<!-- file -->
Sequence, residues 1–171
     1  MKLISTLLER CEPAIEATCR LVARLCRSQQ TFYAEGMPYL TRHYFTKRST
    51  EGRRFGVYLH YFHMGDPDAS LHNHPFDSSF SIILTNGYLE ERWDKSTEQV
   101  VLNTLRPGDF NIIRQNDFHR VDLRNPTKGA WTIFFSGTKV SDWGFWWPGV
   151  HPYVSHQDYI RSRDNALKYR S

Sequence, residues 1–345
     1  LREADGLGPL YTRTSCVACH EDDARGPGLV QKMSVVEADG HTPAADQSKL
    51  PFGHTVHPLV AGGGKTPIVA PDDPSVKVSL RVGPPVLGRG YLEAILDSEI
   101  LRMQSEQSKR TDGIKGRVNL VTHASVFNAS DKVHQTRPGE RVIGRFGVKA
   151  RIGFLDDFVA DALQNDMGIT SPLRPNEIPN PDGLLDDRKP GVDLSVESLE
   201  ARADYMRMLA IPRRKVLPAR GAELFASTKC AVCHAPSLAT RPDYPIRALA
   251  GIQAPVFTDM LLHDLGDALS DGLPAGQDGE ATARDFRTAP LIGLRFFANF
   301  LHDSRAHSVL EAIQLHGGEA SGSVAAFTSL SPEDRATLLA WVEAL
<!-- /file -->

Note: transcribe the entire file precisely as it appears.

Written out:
Sequence, residues 1–171
     1  MKLISTLLER CEPAIEATCR LVARLCRSQQ TFYAEGMPYL TRHYFTKRST
    51  EGRRFGVYLH YFHMGDPDAS LHNHPFDSSF SIILTNGYLE ERWDKSTEQV
   101  VLNTLRPGDF NIIRQNDFHR VDLRNPTKGA WTIFFSGTKV SDWGFWWPGV
   151  HPYVSHQDYI RSRDNALKYR S

Sequence, residues 1–345
     1  LREADGLGPL YTRTSCVACH EDDARGPGLV QKMSVVEADG HTPAADQSKL
    51  PFGHTVHPLV AGGGKTPIVA PDDPSVKVSL RVGPPVLGRG YLEAILDSEI
   101  LRMQSEQSKR TDGIKGRVNL VTHASVFNAS DKVHQTRPGE RVIGRFGVKA
   151  RIGFLDDFVA DALQNDMGIT SPLRPNEIPN PDGLLDDRKP GVDLSVESLE
   201  ARADYMRMLA IPRRKVLPAR GAELFASTKC AVCHAPSLAT RPDYPIRALA
   251  GIQAPVFTDM LLHDLGDALS DGLPAGQDGE ATARDFRTAP LIGLRFFANF
   301  LHDSRAHSVL EAIQLHGGEA SGSVAAFTSL SPEDRATLLA WVEAL